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Old 09-11-2008, 05:27 AM   #1
Shaun Churchman
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Best Distro for my needs?


I am thinking about switching to Linux (duh) but I really have NO idea what Distro I should use.


two 80 gig HDs
2 Gig prossecer
512 ram
Radeon 1050 video card


I surf the net, and do alot of talking to my friends over the net via MSN or skype, so I need one with great sound and VOiP capabilities, and one that can run programs that can us MSN protocols, or at least, use webMSN

I also sometime play games, but not too often anymore. The Voice chat with friends is my number one need.

I am horrible at using DOS so I hope there is a Distro that doesn't need the Terminal as much as the other ones.

I do like the windows desktop so if there was a Distro like that, it would be very nice.


The best Distro would have very little pre installed so I can make my own choices on what I like.


How hard is it to get WINE to work?


Thank you for all your help, I hope I didn't forget anything.
 
Old 09-11-2008, 05:49 AM   #2
weibullguy
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Ugggghhhhh, Here's a question that's never been asked before Go to distrowatch.com and pick one of the top 10.
 
Old 09-11-2008, 05:53 AM   #3
Saptech
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Or he could choose from those, Ubuntu, openSuse, Mint, PCLinuxOS and/or Mandriva. I believe these are some of the easier ones for someone new to linux.

Most have a livecd, so you can see how well it works with your hardware, and they let you install from the livecd also.
 
Old 09-11-2008, 07:12 AM   #4
salasi
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Quote:
Originally Posted by Shaun Churchman View Post
I am horrible at using DOS so I hope there is a Distro that doesn't need the Terminal as much as the other ones.
...most distros (and its a GUI issue combined with a distro issue - see later) can be used with very minimal use of the the command line. There are some things that are much easier from the command line, and, in my opinion, you are doing yourself no favours if you refuse to use the command line totally.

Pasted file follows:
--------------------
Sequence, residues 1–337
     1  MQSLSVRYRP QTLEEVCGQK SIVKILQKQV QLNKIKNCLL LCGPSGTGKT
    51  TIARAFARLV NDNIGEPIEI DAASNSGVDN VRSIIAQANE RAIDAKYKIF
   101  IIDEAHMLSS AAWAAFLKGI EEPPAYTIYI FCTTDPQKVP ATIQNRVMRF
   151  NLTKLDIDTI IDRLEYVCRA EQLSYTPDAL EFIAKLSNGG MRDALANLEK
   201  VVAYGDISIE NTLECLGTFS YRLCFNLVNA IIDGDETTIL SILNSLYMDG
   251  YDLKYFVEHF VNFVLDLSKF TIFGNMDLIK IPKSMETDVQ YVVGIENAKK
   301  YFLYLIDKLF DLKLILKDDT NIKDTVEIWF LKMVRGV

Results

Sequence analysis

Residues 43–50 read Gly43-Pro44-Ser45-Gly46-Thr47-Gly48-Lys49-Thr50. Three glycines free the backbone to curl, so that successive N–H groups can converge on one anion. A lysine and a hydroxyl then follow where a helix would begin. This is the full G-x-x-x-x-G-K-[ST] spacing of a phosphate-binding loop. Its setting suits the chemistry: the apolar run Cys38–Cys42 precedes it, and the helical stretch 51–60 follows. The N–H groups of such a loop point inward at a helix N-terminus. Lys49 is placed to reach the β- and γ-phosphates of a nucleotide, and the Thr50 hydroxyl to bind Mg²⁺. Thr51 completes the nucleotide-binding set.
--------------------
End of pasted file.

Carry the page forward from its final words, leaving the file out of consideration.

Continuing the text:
Quote:
I do like the windows desktop so if there was a Distro like that, it would be very nice.
...no accounting for taste, or lack thereof, I suppose
Either Gnome or KDE can, with a bit of work, be configured to look more or less like windows (whatever that means, given how much windows has changed over the years). Never have seen the point myself, but if that's what floats your boat...

A number of the bigger distros offer a choice of GUIs (the graphical front end), where some are specialists in one GUI or anther. This has a very big influence on the look and feel of the computing environment. The biggies are KDE and Gnome, although there are other choices. this is one of the things that you should think about when you try a live CD (or several).

Quote:
The best Distro would have very little pre installed so I can make my own choices on what I like.
I'm not quite sure what you mean by this. Some distros have finer granularity in deciding what gets installed (see OpenSuSE, for example, and Debian), but most beginers seem to prefer the 'just press the button and I'll do it' style. Even with these, you can usually decide to uninstall stuff that you don't want. Unlike some other OSs, install and uninstall tends to work and most distros have an installer that makes this task relatively trivial (Hint: and you should use it).

Quote:
How hard is it to get WINE to work?
Its easy to get wine to work (i.e., install it). Not all apps work with it, though, and if there is a native Linux app that does what you want, you'd probably be better using that.
 
  


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